If Andruw Jones (or anybody else for that matter) even sniffs second place, that's a scam. Pujols and Lee crushed the NL to a degree where positional or storyline considerations can't close the gap.

Albert Pujols is not only the most valuable player in the league, he's the best player in baseball.

Well Roger Clemens is the best pitcher of his generation, right? Was he the best pitcher of the 1980s? Probably not. Was he the best pitcher of the 1990s? No (Maddux). Will he be the best pitcher of the 2000s? Probably not. He was never the best player for one of those abritrary cuttoffs, but he was the best over a period of 20 years. No one is saying Albert Pujols is an inferior player to Derrek Lee, but for the arbitrary 162 game season starting in April and ending October 3rd, Derrek Lee was more productive. Of course I do not expect him to win the award and if it makes him cheaper, then fine.

Unforrtunately the lack of people on base hurt Lee's RBI and the lack of A-Ram to protect him down the stretch hurt his chances to see "more hittable" pitches. On pure performance D-Lee was the best in 05. I hope to see a better line up around our MVP next year.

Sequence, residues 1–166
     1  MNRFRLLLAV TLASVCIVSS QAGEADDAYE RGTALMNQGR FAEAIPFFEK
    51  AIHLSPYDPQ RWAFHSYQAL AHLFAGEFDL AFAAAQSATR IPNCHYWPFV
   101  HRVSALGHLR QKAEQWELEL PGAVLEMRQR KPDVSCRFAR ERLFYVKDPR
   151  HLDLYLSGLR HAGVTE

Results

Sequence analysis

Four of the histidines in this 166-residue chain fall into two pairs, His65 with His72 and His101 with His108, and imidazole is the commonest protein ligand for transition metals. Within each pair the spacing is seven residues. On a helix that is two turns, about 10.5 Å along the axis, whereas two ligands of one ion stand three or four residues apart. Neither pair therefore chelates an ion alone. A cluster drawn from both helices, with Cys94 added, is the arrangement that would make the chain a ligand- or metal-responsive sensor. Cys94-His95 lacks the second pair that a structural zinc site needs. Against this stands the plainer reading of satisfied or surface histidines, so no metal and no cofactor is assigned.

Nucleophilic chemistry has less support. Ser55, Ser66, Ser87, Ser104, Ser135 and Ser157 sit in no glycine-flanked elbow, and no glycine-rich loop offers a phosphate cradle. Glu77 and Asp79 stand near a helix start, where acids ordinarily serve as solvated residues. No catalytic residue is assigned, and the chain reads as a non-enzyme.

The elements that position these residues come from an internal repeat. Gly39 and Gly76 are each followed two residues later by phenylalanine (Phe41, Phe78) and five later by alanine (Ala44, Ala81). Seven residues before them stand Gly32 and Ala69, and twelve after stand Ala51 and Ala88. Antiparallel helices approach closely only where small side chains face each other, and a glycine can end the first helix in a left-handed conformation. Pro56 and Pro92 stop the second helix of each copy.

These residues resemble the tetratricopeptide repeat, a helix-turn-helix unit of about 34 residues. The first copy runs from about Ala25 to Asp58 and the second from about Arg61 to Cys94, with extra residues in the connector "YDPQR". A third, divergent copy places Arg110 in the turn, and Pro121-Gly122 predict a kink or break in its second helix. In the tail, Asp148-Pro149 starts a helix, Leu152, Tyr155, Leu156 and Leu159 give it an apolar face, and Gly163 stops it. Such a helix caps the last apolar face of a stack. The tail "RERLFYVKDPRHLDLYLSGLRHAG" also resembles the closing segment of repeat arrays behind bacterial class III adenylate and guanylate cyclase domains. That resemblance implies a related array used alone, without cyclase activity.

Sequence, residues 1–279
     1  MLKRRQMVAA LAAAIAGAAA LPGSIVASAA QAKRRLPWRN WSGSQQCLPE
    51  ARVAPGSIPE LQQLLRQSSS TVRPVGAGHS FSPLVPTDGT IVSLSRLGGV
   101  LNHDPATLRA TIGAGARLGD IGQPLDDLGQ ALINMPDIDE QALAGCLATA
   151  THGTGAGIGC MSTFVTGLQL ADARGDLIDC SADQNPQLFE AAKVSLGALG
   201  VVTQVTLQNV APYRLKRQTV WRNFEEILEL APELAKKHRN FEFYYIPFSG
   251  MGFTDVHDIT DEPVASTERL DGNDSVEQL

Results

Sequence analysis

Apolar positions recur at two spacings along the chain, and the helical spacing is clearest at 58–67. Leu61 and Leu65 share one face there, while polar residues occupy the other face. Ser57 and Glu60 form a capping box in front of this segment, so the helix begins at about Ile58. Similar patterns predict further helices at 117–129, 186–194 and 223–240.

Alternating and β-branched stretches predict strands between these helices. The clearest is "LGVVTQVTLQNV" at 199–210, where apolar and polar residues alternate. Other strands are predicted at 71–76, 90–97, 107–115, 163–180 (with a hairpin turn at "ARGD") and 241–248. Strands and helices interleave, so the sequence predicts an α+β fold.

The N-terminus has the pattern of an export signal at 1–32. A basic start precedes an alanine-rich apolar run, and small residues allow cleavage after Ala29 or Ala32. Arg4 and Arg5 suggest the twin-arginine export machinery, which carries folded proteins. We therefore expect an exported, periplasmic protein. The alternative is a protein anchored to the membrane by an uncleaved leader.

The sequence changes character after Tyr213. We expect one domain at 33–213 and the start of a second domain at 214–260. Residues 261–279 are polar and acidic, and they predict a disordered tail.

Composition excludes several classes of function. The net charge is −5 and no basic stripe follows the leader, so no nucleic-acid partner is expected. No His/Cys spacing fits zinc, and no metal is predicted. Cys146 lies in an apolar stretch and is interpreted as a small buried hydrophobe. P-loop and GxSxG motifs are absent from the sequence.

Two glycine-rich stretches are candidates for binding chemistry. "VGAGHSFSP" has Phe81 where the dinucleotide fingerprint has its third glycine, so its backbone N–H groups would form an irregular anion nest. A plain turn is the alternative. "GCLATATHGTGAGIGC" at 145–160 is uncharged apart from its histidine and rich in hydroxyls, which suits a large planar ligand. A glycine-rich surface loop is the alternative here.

My Free agent picks: Furcal, Lofton and Scott Sauerbeck.

What are yours?

The Elias system ranks players over two year periods. Plus, it is an extremely crude way to measure performance. There is no consideration of on-base percentage or slugging percentage.

But that's just your critique of the system.
All these awards are flawed, are they not?

The fact that Elias rankings are "moving averages" doesn't detract from the fact that they come up with an ordinal ranking each year. Pujols is the leader for 2005. That's all that's relevant.

The fact that Hideki Matsui is one of the top 3 OF's in the AL should let you know how much stock to put in their rankings.

OK- a couple points.

Anyone who thinks the Gold Glove really means anything- go and see who won the 1999 AL gold glove for first basemen.

And as for win shares- it is the most mis-leading stat out there. It was OK in 1984 when Bill James had to do the math with a calculator and and one of those back-up erasers you put on the end of your pencil when the attached eraser wears out- but anyone who uses it, or even worse proliferates it's use today, is a monkey.

I am going to do some hard-core 4th grade mathematics for you:

Wins Shares as currently calculated = (Teams wins*3)/Total Player contribution for the season.

Numerator= Wins
Denominator = 162 games

Correctly calculated Win Shares should be = (Teams wins*3)/Total Player Contribution in games won.

That being said, I don't like either measure because they don't take into account game context.